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Inflammatory breast cancer associated with amyopathic dermatomyositis: a case report

Abstract

Background

Dermatomyositis is associated with malignant tumors including breast cancer, and inflammatory breast cancer is considered to have a poorer prognosis than most breast cancers.

Case presentation

A 74-year-old Asian woman, developed erythema on her face, back, and the back of her hands, 3 weeks before attending our department. At the same time, she had noticed a right breast mass and redness of the skin of the breast. The clinical findings and vacuum aspiration biopsy diagnosed inflammatory breast cancer and neoadjuvant chemotherapy was performed. The mass and enlarged axillary lymph nodes had shrunk, therefore a total mastectomy was performed. The sentinel lymph node biopsy was negative. She was discharged 7 days after surgery without any complications. She has received a postoperative aromatase inhibitor and is alive without recurrence. The dermatomyositis also began to improve with the start of her chemotherapy and has not recurred since the surgery.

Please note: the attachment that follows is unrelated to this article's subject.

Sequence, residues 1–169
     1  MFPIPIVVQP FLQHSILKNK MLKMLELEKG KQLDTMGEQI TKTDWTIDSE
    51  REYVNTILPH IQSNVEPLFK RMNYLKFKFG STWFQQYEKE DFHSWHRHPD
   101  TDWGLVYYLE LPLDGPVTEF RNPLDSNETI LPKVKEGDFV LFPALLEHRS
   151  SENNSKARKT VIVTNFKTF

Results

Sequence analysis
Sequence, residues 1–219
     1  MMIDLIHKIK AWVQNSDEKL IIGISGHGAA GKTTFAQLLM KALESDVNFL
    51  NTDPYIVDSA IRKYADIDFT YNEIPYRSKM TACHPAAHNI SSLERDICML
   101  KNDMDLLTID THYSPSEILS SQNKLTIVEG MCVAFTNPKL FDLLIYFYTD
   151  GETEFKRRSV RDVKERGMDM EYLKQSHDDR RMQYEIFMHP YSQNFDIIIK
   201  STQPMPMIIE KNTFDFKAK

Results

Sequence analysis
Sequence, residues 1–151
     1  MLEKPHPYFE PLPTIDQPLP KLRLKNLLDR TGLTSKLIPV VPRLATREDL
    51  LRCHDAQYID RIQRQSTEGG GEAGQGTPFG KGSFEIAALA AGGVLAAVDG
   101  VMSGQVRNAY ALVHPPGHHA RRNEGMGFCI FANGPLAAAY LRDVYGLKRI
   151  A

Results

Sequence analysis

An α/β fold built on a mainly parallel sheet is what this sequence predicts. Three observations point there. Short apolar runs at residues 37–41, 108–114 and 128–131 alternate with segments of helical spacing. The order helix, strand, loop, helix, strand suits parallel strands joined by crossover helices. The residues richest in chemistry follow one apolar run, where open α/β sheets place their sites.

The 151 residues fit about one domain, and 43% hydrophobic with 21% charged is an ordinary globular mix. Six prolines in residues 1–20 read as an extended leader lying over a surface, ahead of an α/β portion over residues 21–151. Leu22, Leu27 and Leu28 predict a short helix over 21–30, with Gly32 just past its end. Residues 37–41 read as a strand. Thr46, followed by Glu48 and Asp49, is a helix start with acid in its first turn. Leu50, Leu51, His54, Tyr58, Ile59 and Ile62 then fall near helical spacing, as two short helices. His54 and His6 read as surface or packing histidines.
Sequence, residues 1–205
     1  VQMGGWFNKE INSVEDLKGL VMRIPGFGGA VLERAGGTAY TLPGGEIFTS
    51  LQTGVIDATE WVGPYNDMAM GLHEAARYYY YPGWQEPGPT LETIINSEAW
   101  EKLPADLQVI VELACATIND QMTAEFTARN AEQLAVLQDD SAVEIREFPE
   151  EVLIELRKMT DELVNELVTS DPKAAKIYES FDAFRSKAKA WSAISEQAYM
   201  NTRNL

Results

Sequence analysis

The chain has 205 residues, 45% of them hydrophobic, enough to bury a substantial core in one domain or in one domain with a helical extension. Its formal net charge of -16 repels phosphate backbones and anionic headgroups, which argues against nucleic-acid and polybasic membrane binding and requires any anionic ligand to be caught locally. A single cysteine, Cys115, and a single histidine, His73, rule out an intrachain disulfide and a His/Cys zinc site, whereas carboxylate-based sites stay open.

Conclusions

Neoadjuvant chemotherapy was performed for inflammatory breast cancer with dermatomyositis, and tumor shrinkage was confirmed. A total mastectomy without axillary lymph node dissection was performed. Dermatomyositis and breast cancer have not recurred. Dermatomyositis may have been a paraneoplastic syndrome due to breast cancer.

Background